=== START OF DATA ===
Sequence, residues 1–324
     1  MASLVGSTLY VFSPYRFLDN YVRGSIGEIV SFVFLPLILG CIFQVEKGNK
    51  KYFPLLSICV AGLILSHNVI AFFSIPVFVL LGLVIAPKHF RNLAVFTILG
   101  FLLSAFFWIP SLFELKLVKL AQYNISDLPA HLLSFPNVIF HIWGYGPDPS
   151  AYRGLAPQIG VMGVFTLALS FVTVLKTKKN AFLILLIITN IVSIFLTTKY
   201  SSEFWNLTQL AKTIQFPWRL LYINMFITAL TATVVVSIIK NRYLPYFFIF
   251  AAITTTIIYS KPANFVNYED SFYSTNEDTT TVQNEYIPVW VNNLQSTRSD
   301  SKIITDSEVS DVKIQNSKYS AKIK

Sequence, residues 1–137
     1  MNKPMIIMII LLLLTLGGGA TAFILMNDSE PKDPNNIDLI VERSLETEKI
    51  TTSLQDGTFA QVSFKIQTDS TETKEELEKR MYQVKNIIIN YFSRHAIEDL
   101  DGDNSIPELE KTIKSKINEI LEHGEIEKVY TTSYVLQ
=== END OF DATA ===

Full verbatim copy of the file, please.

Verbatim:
Sequence, residues 1–324
     1  MASLVGSTLY VFSPYRFLDN YVRGSIGEIV SFVFLPLILG CIFQVEKGNK
    51  KYFPLLSICV AGLILSHNVI AFFSIPVFVL LGLVIAPKHF RNLAVFTILG
   101  FLLSAFFWIP SLFELKLVKL AQYNISDLPA HLLSFPNVIF HIWGYGPDPS
   151  AYRGLAPQIG VMGVFTLALS FVTVLKTKKN AFLILLIITN IVSIFLTTKY
   201  SSEFWNLTQL AKTIQFPWRL LYINMFITAL TATVVVSIIK NRYLPYFFIF
   251  AAITTTIIYS KPANFVNYED SFYSTNEDTT TVQNEYIPVW VNNLQSTRSD
   301  SKIITDSEVS DVKIQNSKYS AKIK

Sequence, residues 1–137
     1  MNKPMIIMII LLLLTLGGGA TAFILMNDSE PKDPNNIDLI VERSLETEKI
    51  TTSLQDGTFA QVSFKIQTDS TETKEELEKR MYQVKNIIIN YFSRHAIEDL
   101  DGDNSIPELE KTIKSKINEI LEHGEIEKVY TTSYVLQ